Connecticut Shoreline Studio for Music Lessons
in Voice, Piano, & the Fundamentals of Music

All Skill Levels Welcome, Ages 4 -104

Connecticut Shoreline Studio for Music Lessons
in Voice, Piano, & the Fundamentals of Music

All Skill Levels Welcome, Ages 4 -104

Connecticut Shoreline Studio for Music Lessons
in Voice, Piano, & the Fundamentals of Music

Clef Notes

How Using Solfege Can Help You Sing Better

Many musicians use a system called “solfege” to make the task of singing and understanding melodic lines a little bit easier. Solfege is used in conservatories and schools all over the world to teach music students to sing and hear effectively. Solfege, also called “solfeggio” or “solfa,” is a system where every note of a scale is given its own unique syllable, which is used to sing that note every time it appears.

Greg Simon from MusicTheoryTutor.org

The Basic Idea

My favorite part of this quotation is “Solfege is used… to teach music students to sing and hear effectively.” That’s totally what goes on!

My take on the basic principle is this: if your body and your brain are in agreement about what notes you want to sing, then a lot of technical issues will take care of themselves. If there is any disagreement between what your body thinks it should be doing and what your brain wants it to do, then there will be tension, and good intonation (pitch accuracy) will be impossible.

The average person singing along with the radio is relying on their body to mimic the artist. Pitches are flung around wildly while the body tries to match what the brain is hearing. This is fun, mind you, especially at those quintessential moments when the body happens to nail a long high note and sustain it for a few beats.

The Argument Between Body & Brain Begins

The trouble is, take away the radio, and the body is left to itself to come up with those pitches. What about all those notes leading up to that high note? Oh no! “What were those?”

Then, your brain might say to the body “Ok, we’re gonna do this. I’ve got all those lyrics memorized!” But the brain only has an outline of how that thing goes.

And the other problem? The brain is already REALLY BORED with that melody all of a sudden. Then judgment kicks in “I should already know this song. I’ve sung it a million times. In fact, I declare that I already know it.”

A Side Note About Body, Soul, & Spirit

My friend Lauryn Maloney explained to me one time about the relationship of body, soul, and spirit. I mean, I had heard of that a million times, but I never really stopped to think about the implications. What I loved most about her explanation what how she compared it to the relationship of the Holy Trinity: Father, Son, and Holy Spirit. In the same way that Father, Son, and Spirit are three entities in one and have relationships with each other, so is our own being. 

Our body has a relationship with our soul, our soul with our spirit, and our spirit with our body. So we are three in one, and the three parts can help each other.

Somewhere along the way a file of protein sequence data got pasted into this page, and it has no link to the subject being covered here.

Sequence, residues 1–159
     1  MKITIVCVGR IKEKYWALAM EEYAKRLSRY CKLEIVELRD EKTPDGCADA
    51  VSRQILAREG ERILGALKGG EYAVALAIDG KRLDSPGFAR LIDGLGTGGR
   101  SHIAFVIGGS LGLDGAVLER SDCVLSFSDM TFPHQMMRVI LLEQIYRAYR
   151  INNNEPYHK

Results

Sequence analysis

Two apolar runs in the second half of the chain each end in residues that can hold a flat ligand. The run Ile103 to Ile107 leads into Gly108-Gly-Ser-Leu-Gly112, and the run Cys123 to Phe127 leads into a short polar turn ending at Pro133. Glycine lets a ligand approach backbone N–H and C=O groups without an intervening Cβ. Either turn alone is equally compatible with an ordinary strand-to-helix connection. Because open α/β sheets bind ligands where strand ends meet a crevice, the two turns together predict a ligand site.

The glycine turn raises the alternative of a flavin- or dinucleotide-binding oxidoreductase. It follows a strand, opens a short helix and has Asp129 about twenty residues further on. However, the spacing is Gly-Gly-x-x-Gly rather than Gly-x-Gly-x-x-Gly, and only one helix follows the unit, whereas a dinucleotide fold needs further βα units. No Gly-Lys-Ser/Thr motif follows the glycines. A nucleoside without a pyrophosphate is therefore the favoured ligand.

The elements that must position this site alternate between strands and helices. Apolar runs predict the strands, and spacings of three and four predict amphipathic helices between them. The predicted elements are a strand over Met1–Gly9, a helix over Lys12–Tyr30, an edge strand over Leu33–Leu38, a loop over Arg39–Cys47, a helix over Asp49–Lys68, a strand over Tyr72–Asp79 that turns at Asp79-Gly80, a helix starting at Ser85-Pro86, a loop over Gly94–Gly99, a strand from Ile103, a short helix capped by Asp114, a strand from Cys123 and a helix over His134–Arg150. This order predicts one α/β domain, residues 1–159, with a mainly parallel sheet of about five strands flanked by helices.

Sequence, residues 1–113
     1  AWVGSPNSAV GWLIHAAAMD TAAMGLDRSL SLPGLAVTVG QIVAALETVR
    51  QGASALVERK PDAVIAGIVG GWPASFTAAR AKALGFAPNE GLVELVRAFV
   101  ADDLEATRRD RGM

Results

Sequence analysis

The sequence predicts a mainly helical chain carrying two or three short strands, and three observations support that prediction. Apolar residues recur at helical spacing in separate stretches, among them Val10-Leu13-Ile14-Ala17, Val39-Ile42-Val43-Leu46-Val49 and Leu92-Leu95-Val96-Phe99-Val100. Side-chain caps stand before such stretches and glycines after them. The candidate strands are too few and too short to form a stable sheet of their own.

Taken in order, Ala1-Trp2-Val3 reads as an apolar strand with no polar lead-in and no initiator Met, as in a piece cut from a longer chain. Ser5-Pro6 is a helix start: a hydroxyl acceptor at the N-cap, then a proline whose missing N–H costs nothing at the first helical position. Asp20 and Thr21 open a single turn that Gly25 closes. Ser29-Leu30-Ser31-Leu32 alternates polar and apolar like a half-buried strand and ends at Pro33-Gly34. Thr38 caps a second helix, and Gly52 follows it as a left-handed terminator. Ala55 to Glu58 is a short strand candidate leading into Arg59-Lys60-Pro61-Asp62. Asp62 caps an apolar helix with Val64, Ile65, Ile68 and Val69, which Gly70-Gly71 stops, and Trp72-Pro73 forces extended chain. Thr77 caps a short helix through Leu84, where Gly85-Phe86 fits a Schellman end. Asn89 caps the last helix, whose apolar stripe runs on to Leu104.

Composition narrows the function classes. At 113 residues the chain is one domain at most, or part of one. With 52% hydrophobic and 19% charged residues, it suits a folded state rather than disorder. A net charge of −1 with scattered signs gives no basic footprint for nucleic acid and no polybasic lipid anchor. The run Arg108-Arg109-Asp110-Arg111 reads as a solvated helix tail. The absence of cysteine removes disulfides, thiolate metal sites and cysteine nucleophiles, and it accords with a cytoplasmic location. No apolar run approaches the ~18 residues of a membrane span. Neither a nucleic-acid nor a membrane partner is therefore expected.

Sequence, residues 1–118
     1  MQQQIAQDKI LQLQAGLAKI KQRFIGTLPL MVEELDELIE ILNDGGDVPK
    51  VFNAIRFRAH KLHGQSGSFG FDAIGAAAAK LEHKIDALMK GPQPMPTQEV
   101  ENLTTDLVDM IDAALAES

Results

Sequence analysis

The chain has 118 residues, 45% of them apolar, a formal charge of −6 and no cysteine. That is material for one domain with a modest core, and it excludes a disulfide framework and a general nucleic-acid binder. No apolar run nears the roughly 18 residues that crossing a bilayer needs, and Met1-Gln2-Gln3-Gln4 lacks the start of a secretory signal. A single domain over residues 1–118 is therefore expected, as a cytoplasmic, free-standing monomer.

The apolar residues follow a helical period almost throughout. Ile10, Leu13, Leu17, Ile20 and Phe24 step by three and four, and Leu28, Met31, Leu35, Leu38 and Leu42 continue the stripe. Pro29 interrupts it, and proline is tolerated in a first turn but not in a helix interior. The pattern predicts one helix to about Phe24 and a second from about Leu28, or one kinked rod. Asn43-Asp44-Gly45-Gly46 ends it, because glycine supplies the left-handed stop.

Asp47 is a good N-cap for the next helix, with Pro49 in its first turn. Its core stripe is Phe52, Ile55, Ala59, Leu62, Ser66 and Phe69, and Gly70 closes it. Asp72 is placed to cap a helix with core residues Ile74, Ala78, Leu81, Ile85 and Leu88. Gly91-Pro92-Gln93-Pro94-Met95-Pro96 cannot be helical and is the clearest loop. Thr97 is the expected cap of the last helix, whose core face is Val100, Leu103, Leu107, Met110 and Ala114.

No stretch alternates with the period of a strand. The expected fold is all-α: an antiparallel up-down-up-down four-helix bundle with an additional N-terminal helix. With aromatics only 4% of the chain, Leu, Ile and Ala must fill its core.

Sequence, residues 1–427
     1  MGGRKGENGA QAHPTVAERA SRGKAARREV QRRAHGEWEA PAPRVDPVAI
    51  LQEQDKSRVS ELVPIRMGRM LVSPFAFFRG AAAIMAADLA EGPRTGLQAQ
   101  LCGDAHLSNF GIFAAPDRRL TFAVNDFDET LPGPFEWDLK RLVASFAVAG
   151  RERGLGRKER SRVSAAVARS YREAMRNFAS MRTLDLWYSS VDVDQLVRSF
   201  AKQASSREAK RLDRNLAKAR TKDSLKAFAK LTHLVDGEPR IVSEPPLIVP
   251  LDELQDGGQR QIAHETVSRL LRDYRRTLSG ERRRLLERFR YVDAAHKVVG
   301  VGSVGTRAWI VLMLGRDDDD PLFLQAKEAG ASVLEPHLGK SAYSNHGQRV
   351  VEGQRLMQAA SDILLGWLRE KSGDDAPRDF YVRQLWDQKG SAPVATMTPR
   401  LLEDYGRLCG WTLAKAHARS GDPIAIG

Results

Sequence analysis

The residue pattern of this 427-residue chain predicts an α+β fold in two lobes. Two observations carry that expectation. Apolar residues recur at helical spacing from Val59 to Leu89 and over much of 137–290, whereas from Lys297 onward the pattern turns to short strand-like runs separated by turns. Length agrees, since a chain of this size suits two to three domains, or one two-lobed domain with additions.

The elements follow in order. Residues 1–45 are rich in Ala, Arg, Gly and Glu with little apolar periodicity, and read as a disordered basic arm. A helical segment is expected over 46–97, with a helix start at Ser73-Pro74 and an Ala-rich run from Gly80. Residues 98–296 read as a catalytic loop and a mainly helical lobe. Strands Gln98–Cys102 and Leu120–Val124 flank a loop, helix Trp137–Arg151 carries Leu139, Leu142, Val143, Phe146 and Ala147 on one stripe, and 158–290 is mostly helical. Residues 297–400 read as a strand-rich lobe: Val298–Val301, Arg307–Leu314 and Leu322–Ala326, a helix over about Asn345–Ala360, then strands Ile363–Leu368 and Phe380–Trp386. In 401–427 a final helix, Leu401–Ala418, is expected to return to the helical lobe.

Maybe that sounds too spiritual, but when you’re trying to get your body to do something it doesn’t know how to do, it can be a helpful model.

All that to say, if your brain (or soul) is bored, it ain’t gonna be teaching no body to do nothing! (Said with a snarky North Georgia accent while crossing her arms.) 

Another trouble is, the brain is convinced that it already knows the melody.

Enter Solfege

First, let me demonstrate a well-known melody:

Most of you probably recognize the melody. And most of you can probably already sing it. But try singing it with the following solfege right now:

Do do so so la la so

Fa fa mi mi re re do

So so fa fa mi mi re

So so fa fa mi mi re

Do do so so la la so

Fa fa mi mi re re do

 

Whoa. Now your brain is getting entertained and finds that it’s more satisfying to slow down and actually get those syllables correct. Meanwhile, your body now has a chance to catch up. Now, your brain, without realizing it, is instructing the body.

The Argument Continues

If it’s an unfamiliar melody, or even one you know a little bit, you might find your brain and body getting in an argument about certain notes. Your body will complain to your brain, “WTF IS that note? What do you want from me?!”

And the brain will go, “Oh yeah! What IS that note?” And then it might have the patience to go listen to it again and figure it out. The brain will be instructing the body.

Upon completion body and brain will be happy and satisfied, and the tone will be true and clean.

How Can You Learn the Solfege for a Melody?

If you aren’t trained in this skill, you could find someone who is and have them record and write out a slow version of the melody for you with the solfege.

If you respond in the comments here or write to me at sandy@crescendomusicloft.com with the name of a song you want to learn how to sing, I’ll send you at least a little snippet example from that song.

Stay tuned for how to get the spirit involved in the conversation!

5 thoughts on “How Using Solfege Can Help You Sing Better”

  1. Poupie! You’re making my day. I LOVE Björk!! And I hadn’t heard this song. Please find solfege written out for the first verse (hysterical!) along with a recording of my demonstration here. (PDF here, mp3 in the next comment.)

    Hyperballad-Solfege

    Reply
  2. Poupie!! This is *awesome*! I love it!! Thank you so much. It makes it so much more manageable to break it down this way, and it’s fascinating to consider the melody this way!

    Reply

Leave a Comment


The maximum upload file size: 32 MB.
You can upload: image, audio, video, document, spreadsheet, interactive, text, archive, code, other.
Links to YouTube, Facebook, Twitter and other services inserted in the comment text will be automatically embedded.